Gluten Free Angel Food Cake
There is nothing like fresh berries on a hot summer day. They are naturally gluten-free, flavorful, refreshing, and nutritious. They’re also colorful, which makes them a great way to add red and blue to your 4th of July festivities.
Pairing strawberries and blueberries with a light and airy angel food cake is simply divine. Trust me, no one will know this angel food cake is gluten free. One of my gluten-eating teens said, “Mom, are you sure this is gluten free?” My gluten-free son said, “It’s so light it’s like eating air, but it tastes so good.”
Gluten-Free Angel Food Cake
- 1 1/3 cup powdered sugar
- 1/2 cup potato starch
- 1/4 cup tapioca starch or flour
- 1/4 cup millet flour (or white rice flour)
- 1 teaspoon xanthan gum
- 1/4 teaspoon salt
- 12 large egg whites (1 1/2 cups), room temperature
- 1 1/2 teaspoons cream of tartar
- 2 teaspoons vanilla extract (or 1 tsp. vanilla and 1 tsp. almond extract)
- 1 cup granulated sugar
- Preheat oven to 350°
- Separate the eggs putting the whites into a very clean large glass or metal mixing bowl. To be sure there is absolutely no yolk in with the whites, it is best to separate each egg into a small dish, then add it to the rest of the whites. That way if a bit of yolk gets in with the white, you can save the egg for another purpose and not ruin the whole batch.
- In a medium bowl, whisk together the powdered sugar, potato starch, tapioca starch, millet flour, xanthan gum, and salt.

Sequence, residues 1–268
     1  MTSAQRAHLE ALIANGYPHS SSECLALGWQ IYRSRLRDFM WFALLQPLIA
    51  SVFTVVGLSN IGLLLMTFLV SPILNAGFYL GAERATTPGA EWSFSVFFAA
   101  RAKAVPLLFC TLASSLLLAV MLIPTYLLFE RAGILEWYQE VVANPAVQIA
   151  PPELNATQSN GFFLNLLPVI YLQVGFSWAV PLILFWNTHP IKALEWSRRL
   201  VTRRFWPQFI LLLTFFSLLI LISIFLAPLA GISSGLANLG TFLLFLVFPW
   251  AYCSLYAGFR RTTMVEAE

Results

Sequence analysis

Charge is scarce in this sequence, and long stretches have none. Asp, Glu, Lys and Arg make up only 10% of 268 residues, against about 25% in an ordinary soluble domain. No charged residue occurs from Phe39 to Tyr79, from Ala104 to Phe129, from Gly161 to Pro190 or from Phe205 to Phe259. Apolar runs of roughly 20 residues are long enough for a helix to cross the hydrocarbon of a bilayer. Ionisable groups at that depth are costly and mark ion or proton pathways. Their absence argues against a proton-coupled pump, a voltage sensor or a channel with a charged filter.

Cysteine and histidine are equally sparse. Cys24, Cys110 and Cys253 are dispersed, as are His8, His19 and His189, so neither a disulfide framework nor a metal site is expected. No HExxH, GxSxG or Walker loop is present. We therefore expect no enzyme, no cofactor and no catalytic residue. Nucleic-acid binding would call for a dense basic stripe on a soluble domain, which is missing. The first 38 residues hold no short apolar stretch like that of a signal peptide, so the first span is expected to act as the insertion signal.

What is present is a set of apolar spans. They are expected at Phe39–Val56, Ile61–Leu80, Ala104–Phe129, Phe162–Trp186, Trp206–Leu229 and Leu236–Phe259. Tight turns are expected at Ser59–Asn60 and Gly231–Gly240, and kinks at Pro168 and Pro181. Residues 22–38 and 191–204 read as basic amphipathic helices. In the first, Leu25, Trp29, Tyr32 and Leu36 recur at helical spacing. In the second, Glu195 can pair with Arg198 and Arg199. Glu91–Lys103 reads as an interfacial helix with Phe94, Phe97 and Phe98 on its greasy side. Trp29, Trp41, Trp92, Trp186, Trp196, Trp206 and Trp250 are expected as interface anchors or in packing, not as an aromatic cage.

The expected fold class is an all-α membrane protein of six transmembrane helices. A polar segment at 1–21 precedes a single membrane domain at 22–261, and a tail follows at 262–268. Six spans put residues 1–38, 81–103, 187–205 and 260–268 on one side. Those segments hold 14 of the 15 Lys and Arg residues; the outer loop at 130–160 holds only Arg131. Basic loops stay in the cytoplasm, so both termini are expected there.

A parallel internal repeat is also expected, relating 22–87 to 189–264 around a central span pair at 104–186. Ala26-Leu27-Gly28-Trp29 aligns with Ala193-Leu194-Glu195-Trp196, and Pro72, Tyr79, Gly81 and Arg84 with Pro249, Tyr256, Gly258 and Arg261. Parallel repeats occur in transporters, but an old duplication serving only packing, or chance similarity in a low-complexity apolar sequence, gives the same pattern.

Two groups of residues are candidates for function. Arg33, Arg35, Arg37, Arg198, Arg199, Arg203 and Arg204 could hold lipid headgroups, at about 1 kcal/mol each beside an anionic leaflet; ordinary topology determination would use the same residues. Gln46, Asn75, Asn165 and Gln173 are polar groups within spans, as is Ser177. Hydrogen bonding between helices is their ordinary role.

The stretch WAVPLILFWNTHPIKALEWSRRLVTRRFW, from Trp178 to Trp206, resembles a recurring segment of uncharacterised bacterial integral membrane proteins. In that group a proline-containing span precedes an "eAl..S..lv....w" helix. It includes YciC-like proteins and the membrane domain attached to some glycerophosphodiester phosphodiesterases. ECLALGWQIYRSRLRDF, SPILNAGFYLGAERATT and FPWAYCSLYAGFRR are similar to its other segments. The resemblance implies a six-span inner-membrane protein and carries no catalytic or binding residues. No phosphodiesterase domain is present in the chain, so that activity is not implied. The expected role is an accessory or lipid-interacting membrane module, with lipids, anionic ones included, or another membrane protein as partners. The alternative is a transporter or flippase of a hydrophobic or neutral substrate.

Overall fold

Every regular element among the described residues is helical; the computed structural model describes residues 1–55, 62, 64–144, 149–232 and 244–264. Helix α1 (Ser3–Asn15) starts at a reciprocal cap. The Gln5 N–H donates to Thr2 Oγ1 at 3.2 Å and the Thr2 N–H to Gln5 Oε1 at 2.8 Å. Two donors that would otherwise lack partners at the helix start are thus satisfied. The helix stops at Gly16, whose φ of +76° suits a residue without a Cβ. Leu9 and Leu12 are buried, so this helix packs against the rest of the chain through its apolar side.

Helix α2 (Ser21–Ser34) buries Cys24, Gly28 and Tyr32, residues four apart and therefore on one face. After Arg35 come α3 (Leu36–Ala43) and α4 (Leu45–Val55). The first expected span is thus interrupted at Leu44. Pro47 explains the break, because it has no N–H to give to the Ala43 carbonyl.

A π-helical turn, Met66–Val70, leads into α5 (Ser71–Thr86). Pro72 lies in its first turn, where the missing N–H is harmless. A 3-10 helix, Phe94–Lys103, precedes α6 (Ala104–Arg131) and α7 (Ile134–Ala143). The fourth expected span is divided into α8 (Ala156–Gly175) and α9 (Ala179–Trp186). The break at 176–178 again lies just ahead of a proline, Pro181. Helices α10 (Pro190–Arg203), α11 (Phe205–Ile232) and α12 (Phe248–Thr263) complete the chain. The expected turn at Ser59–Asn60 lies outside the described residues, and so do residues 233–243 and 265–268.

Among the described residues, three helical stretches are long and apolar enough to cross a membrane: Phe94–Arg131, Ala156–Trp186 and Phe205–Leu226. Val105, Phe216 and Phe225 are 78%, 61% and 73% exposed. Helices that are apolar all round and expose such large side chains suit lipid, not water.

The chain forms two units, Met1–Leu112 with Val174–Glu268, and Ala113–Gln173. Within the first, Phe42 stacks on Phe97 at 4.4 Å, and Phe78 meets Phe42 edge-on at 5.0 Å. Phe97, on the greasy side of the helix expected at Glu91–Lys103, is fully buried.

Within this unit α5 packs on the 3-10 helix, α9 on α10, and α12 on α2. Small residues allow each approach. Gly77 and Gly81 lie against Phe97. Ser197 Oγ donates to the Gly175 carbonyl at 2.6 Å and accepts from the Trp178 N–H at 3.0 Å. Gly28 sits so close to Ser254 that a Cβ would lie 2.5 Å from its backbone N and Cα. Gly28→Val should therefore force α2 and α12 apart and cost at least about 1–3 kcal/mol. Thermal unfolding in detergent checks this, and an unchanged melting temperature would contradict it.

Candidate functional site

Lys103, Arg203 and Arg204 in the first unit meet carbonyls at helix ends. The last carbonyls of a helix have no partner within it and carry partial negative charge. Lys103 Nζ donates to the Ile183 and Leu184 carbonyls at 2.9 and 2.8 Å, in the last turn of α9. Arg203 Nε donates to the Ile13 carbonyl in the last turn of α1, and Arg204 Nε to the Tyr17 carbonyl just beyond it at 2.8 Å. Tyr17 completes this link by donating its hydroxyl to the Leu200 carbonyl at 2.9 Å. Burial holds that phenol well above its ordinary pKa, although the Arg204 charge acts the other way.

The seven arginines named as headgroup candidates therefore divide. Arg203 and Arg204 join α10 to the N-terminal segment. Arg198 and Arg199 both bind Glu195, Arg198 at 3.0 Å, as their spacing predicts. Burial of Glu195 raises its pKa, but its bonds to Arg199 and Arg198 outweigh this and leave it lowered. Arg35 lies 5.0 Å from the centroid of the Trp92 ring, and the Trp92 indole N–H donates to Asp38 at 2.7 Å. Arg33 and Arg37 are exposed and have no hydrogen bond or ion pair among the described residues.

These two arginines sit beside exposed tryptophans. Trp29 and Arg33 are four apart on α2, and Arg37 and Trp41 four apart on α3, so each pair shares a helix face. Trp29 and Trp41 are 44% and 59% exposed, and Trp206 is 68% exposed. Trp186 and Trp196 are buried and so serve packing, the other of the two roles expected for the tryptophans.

- Use a whisk attachment on a stand mixer to beat together the egg whites, cream of tartar, and vanilla extract until foamy.
- Slowly add the granulated sugar, 2 tablespoons at a time, beating until stiff peaks form. Do not over beat. To check for stiff peaks, stop the mixer and lift the whisk out. If it creates a peak that stands up straight, it is stiff. If the tip of the peak folds over, it is soft and needs to be whipped more.
- Fold in the flour mixture about one fourth at a time, making sure you scrape the bottom of the bowl when you fold. Do not mix. Folding is done by cutting through the center of the mixture with the edge of a spatula, then turning it and bringing it up the sides of the bowl and folding the mixture onto itself.
- Spoon the mixture into an ungreased tube pan and smooth the top.
- Remove air pockets by gently cutting through the center of the batter with a thin metal spatula (icing spreader) or knife.
- Bake for 35 – 45 minutes, then check for doneness. A wooden skewer inserted in the center should come out dry. Also, the cracks in the top of the cake should be dry and the top should spring back when touched.
- Turn the cake upside down to cool in the pan for at least an hour. Most tube pans have legs to keep the top of the cake off the counter. If yours does not, invert it onto a bottle inserted into the tube.
- When cool, run your metal spatula or a knife around the sides to loosen. Remove the outer part of the pan. Run your spatula under the cake and around the tube to loosen it and remove to a cake plate.
- Cut slices with a serrated knife and serve with berries or a topping of your choice.